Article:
by | March 7, 2019

I want to come back to the topic of setting goals and then not sticking to that goal. I would say 99.9% of us have started on a goal and for some reason, we quit before reaching the finish line. For us women, dieting and fitness plans are one of those goal setting areas where we often give up when the going gets tough!

Some of you may already know this, but I am a Triathlete. Not a great one, but I am a real cardio junky and I love to have a “fitness project” to work on. Entering a long-Triathlon race during high training season gives me that structured plan to work on.

Two years ago, my hubby and I decided to cross off something from our bucket list for our 45th BD year… to join and finish a full Ironman!

This is a very long race consisting of a 3.8 km swim, a 180 km bike trek, and ending with a full marathon. The cut off time is a few seconds before 17h.

According to the plan I was following (which was one made for working individuals who just wanted to finish the Ironman and not necessarily make a record-breaking time), I could accomplish the race in roughly 14 and a half hours. I trained for it, I planned the times of the swims, the transitions, I gave myself the amounts of bathroom breaks (or pit stops), any other breaks I needed to take, what to eat/drink at what times. For nine months we trained long long hours on Saturdays and throughout the week, sometimes with a swim in the morning and a run at night on the same day.

What I didn’t tell you is that I also have asthma induced by stress and effort — like biking uphill too quickly. I spent a lot of time in a lake with my wetsuit on working through my fear of open water, sometimes having to work through asthma for over 15 minutes before I could swim on…

Well… my worst nightmare happened (within five minutes of getting into the water!) in Klagenfurt, Austria. I was calm. I had even given a pep talk to the lady next to me. That was until three minutes into swimming when I was kicked in the face and someone swam over my legs (there are 3,000 people in this race). I took in some water and it brought on my asthma AND a panic attack!

I knew what was happening and swam to one of the kayaks for help. They tried to get me to calm down, but there was nothing I could do about it. I ended up struggling through the swim but had to stop to rest every 3-4 minutes. It was the longest swim I have ever experienced and the pressure of the cut off time was not helping me calm down! About one hour into my struggle, the person responsible for safety came up to me in his boat and said to me “You are having an asthma attack and you need to come out of the water!  A million thoughts went through my head and I thought “on the one hand I am justified for stopping now.. it isn’t my fault…” but I had another voice saying “you can’t quit now! You haven’t even gotten on your bike.. or the run!  All this training!!  So I then said to the safety person “NO! I am not getting out of the water, I need to get on my bike!” He was a bit surprised and told one of the supervisors not to let me out of his sight!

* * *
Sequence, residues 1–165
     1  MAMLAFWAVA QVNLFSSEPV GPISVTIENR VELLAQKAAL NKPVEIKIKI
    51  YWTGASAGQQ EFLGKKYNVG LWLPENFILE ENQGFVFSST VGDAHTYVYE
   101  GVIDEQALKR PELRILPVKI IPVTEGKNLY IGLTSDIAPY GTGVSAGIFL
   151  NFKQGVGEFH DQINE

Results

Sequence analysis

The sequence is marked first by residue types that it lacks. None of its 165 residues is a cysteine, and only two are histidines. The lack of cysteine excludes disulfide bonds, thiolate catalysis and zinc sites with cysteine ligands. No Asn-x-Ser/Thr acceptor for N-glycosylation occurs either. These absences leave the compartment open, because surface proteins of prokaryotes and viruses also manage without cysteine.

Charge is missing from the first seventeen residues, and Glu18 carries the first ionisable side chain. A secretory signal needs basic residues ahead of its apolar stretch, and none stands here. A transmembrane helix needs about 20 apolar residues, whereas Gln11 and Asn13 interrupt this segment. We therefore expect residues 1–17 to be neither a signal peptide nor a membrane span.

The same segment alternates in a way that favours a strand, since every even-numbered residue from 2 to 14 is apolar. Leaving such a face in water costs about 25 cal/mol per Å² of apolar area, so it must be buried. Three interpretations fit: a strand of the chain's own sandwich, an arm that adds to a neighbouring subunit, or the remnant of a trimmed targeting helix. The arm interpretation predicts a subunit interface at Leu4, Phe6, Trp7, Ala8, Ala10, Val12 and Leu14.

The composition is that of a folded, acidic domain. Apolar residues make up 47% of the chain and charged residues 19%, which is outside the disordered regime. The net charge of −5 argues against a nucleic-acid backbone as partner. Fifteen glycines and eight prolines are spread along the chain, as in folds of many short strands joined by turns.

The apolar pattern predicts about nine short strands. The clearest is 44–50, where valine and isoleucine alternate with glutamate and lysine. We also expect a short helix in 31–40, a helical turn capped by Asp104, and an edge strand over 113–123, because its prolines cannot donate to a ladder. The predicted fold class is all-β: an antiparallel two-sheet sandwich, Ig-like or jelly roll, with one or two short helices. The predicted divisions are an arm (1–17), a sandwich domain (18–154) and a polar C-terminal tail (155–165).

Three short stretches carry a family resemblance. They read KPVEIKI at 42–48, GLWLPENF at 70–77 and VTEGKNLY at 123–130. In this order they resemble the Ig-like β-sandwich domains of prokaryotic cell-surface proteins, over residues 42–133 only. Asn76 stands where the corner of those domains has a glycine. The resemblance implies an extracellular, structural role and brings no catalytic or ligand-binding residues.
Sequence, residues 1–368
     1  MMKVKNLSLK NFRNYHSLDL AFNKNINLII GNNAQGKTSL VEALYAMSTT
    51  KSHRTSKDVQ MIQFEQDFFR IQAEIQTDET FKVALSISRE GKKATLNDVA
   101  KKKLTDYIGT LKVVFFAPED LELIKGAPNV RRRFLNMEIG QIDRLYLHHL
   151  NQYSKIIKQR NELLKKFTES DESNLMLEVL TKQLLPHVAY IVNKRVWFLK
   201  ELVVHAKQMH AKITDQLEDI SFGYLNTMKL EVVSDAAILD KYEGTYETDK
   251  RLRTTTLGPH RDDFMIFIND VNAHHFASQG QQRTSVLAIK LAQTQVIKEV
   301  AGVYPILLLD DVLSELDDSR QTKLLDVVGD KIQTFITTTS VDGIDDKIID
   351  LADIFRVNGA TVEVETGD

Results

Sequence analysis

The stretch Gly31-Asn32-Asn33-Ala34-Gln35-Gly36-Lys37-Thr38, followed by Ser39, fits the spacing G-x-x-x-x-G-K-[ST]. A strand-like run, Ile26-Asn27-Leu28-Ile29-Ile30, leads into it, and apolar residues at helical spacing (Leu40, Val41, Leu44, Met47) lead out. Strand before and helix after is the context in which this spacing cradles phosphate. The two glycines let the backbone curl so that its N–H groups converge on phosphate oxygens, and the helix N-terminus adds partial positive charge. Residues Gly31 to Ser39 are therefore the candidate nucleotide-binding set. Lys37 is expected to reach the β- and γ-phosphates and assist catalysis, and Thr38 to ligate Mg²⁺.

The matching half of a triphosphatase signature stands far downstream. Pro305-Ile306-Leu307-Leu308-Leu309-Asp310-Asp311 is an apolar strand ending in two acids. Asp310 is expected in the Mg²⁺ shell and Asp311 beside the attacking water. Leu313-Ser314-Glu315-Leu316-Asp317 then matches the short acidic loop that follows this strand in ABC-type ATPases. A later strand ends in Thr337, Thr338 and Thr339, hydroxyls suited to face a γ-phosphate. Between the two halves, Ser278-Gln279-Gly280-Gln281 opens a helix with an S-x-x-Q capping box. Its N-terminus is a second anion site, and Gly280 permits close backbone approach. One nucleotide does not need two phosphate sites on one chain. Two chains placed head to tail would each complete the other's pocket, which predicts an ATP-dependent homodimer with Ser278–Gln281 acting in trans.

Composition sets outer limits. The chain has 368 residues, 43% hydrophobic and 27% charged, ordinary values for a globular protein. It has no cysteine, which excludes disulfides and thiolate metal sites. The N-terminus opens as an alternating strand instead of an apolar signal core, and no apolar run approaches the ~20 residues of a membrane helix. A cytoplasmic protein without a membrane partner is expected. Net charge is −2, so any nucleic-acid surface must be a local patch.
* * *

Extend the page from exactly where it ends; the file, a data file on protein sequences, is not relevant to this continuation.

It was a decisive moment for me: On one hand, I was determined to get out of the water before the 2h20 cut off time (I got out in 2h09!) and secondly, I had to re-adjust my own goal of finishing the triathlon in 14h30! Having lost 40 minutes of my regular swim time, I knew I would not be able to catch up on that lost time.

This Ironman story could go on and on, with my asthma not stopping until 6 hours into the race when it started pouring rain, to almost not reaching the bike cut off time, but then finishing the race in 15h28!

I was an Ironman! I had re-adjusted my ultimate goal of completing the race in 14hr 30 min to just actually finishing the race. I had laughed, cried (more than once), I was so sore… but I had finished that race!

Some would say that not reaching my time goal is a failure… and yes, I must admit, more than once during those long racing hours I was disappointed with not being able to reach the time I had worked so hard to achieve… But today I realize that sticking to it and reaching my ultimate goal (to finish) was an amazing accomplishment… I just had to re-adjust my mindset.

I know this is a very long post, but the point I really want you to get from this is:  Re-Adjusting is NOT a failure… It is a way of moving past your Walls!

Don’t be so hard on yourself!  Remember that working toward a plan, a goal, means you might have to re-adjust your expectations over and over again — that you can become stuck if you focus on what used to work, when it isn’t working anymore…